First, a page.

Results at last are final from the New South Wales state election, held just over three weeks ago (see earlier report here). The numbers in the lower house, the Legislative Assembly, have been clear for a long time – a government lead of 12 seats over Labor and an overall majority of three – but the Legislative Council was only finalised yesterday.
The government won eight of the 21 seats on offer, to leave it with 17 in total (11 Liberals and six Nationals). Labor won seven, keeping its total at 14, and the Greens two, bringing them down to four (and now to three, since one of their existing members has deserted). One Nation rejoined the Council after a long absence with two seats, and the Shooters and Animal Justice will each have two seats, winning one each this time.
The Christian Democrats failed to win a seat for the first time in their history, although they still have one member elected in 2015. The Liberal Democrats also missed out, with former senator David Leyonhjelm failing in his bid to transfer to state politics.
The reason the upper house takes so long to count is that it is a preferential ballot: inefficient practices in counting and ballot organisation were entrenched by a misguided constitutional amendment in 1995, so with twenty tickets competing there is a lot of work involved.
And almost all of it is completely unnecessary. The impact of preferences is minor at best; this year, a straight Sainte-Laguë calculation on the primary vote totals (which can be done with a spreadsheet in thirty seconds) would have produced exactly the same result, except that the Christian Democrats would have beaten Animal Justice for the last spot.
I should say I’m no fan of the Christian Democrats, who are anti-Muslim fundamentalists. But the price of the current system is not just the workload on the electoral commission; it’s also a large fraction of the 300,000 informal votes (6.3% of the total), who are people either deterred by the grotesquely large ballot paper or tripped up by mistakes in preferencing.
Would it really be a net loss for democracy to get rid of the preferences and make it easier for people to vote, as well as to understand the results?
The Christian Democrats weren’t the only ones ahead of Animal Justice on primaries; Leyonhjelm was as well, by more than 13,000 votes. But his performance on preferences was exceptionally bad. In the last ten counts prior to his elimination, Leyonhjelm picked up only 6,208 votes, while Animal Justice’s Emma Hurst picked up more than 32,000.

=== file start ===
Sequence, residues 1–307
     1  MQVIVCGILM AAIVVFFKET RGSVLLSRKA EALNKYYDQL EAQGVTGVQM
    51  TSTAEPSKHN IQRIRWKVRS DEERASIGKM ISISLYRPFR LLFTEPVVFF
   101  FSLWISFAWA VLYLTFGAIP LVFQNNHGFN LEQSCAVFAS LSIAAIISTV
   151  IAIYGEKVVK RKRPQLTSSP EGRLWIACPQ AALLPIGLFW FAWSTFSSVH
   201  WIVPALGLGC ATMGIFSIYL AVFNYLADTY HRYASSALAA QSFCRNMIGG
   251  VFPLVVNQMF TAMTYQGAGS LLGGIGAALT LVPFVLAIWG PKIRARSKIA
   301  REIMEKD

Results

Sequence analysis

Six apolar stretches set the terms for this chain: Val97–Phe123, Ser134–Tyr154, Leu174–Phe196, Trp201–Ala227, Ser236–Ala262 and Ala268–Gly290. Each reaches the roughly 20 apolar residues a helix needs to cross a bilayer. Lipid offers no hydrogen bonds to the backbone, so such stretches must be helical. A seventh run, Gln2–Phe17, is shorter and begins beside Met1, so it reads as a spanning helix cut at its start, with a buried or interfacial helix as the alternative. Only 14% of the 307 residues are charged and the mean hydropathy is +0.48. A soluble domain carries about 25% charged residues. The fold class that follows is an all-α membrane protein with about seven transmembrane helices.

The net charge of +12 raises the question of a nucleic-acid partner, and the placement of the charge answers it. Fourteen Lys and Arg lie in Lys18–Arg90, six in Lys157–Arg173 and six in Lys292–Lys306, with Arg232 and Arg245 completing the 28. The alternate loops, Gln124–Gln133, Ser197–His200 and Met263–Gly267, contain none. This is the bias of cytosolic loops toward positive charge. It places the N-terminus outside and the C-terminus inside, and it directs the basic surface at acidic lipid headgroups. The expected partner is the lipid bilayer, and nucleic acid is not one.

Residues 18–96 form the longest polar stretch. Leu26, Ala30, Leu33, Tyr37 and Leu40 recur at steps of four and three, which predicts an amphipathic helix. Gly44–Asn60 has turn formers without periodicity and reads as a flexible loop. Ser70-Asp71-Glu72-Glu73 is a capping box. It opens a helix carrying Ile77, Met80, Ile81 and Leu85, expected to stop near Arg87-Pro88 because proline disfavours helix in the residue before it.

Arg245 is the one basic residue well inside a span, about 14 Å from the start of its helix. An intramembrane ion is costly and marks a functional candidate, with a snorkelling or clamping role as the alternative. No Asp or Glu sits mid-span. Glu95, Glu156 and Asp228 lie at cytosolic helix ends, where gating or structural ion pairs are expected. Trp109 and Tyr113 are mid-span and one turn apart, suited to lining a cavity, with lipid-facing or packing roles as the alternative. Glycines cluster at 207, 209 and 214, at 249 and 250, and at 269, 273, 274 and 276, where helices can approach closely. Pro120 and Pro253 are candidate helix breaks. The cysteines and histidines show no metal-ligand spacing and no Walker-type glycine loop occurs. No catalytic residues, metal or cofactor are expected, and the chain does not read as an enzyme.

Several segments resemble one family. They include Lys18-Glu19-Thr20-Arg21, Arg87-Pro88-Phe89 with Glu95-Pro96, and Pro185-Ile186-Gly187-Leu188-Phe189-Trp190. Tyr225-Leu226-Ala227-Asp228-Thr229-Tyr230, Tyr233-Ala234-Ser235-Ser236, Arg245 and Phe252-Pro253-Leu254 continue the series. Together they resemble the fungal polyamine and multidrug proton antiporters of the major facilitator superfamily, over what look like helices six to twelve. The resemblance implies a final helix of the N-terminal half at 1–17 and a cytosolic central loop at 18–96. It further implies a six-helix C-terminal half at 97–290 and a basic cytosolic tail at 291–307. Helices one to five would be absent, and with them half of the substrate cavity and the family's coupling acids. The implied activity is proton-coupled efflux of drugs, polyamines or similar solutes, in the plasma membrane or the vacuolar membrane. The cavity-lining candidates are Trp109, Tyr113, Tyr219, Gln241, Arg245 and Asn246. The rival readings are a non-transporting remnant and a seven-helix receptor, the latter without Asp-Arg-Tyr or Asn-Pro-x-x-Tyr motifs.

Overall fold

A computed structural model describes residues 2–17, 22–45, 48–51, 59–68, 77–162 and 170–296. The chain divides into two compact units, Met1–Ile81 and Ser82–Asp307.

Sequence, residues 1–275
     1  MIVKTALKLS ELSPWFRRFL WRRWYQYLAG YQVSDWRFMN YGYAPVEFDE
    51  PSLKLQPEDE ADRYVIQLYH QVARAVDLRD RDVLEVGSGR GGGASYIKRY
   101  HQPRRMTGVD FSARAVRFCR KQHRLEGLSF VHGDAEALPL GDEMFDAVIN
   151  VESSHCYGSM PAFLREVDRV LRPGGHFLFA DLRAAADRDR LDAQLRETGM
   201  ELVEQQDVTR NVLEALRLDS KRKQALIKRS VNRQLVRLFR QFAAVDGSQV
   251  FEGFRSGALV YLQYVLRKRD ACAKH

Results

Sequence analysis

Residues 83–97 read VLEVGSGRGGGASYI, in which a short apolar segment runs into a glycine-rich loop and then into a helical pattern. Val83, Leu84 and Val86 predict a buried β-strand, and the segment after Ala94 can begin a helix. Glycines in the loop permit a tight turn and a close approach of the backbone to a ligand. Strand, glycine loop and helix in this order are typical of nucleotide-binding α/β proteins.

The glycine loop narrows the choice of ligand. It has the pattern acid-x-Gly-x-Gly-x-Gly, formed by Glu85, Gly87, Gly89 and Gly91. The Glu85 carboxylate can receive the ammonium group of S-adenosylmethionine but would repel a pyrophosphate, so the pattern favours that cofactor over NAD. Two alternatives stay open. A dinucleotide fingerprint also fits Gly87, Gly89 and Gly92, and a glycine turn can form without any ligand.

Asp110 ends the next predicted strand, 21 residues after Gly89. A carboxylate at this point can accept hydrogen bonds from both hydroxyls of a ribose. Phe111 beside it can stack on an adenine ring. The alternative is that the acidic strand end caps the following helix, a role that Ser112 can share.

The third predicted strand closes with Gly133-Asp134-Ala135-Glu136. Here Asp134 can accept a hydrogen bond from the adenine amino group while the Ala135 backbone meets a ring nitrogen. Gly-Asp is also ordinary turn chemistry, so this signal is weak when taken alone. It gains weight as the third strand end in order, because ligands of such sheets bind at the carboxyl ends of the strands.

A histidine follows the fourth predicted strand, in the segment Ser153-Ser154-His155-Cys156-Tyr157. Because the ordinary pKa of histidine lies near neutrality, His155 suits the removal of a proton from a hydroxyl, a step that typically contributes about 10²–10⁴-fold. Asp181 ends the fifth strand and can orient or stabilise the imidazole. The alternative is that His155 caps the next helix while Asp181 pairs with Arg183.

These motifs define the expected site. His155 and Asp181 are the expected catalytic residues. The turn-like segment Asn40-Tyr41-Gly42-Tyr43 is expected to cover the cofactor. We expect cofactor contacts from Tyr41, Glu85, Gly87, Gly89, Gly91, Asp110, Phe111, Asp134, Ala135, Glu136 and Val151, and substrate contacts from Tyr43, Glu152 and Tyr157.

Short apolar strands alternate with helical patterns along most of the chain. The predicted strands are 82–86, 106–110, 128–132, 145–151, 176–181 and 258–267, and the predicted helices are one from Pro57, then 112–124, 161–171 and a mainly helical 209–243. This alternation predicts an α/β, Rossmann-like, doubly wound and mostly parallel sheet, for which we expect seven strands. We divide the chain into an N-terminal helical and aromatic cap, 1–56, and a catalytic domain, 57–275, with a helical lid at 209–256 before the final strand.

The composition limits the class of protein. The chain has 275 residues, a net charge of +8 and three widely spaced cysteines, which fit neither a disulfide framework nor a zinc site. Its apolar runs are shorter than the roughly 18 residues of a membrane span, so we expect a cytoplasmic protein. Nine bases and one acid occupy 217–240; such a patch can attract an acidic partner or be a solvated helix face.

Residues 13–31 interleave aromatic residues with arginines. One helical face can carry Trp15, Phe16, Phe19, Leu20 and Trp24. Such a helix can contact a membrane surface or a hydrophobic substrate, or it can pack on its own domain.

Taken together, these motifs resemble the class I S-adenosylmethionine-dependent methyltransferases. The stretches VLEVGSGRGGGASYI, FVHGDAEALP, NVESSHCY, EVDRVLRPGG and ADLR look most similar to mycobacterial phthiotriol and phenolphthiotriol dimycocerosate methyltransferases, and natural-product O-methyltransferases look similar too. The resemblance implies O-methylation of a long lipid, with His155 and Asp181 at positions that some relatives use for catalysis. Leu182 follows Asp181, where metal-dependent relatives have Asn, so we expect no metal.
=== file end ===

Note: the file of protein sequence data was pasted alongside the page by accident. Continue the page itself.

This was Leyonhjelm’s sixth (and, he says, last) [link added] bid for election. After three unsuccessful outings, he was elected to the Senate for New South Wales in 2013, with 9.5% of the vote – an unprecedented result for his party, largely explained by drawing first place on a very long ballot paper and therefore attracting many voters who were in fact looking for the Liberal Party (who were way over in 25th position).
His term was cut short by the double dissolution of 2016, and a less favorable ballot draw wiped out most of the Liberal Democrat vote. But with added name recognition, Leyonhjelm was still able to garner a respectable 3.1%, just enough to win him re-election in the last of 12 positions.
It meant, however, that a quota in a regular half-Senate election was an impossible ambition, so instead he set his sights [link added] on state parliament. And he looked well placed for most of the count, competing with Animal Justice, Keep Sydney Open, the Christian Democrats, the seventh Labor candidate and the second One Nation candidate for the final three vacancies.
But he failed to attract preferences along the way. When the final Greens candidate was eliminated, for example, Leyonhjelm picked up only 115 of her 36,000-odd votes – less than one in 300. Even One Nation got more.
He did a bit better when Keep Sydney Open went out, getting 2.6% of their preferences. But for a single libertarian-issue ticket to a supposedly libertarian party, that was woeful. Labor got 20.9% of them; Animal Justice got 12.2%. Even the Coalition, which introduced the policy KSO was campaigning against, got 4.8%.
It’s also interesting to see where Leyonhjelm’s own preferences went, to get an idea of how LDP voters identify. On his elimination there were only five other candidates left in (with four to be elected); 78.3% of his votes exhausted, and the rest went as follows: 9.3% Coalition, 4.5% One Nation, 3.3% Christian Democrat, 3.0% Labor and just 1.6% Animal Justice.
So it looks as if official libertarianism, or at least “libertarianism”, in Australia is in poor shape. It can get candidates elected through name confusion or through dodgy preference deals (as it did last year in Victoria), but not through winning support for its ideas.
Leyonhjelm’s career has not been without achievements. He was a key proponent of marriage equality, a strong voice on freedom of speech issues, and a consistent advocate for individual liberty on a number of fronts.
But his abrasive, confrontational style, his vendetta against “progressive” politics – especially the Greens – and his unbounded enthusiasm for firearms all make him an unlikely role model for libertarianism, a philosophy of humane values and peaceful co-operation.
This would be a good opportunity for the remaining libertarians to go away and have a good long think about what they are really trying to achieve.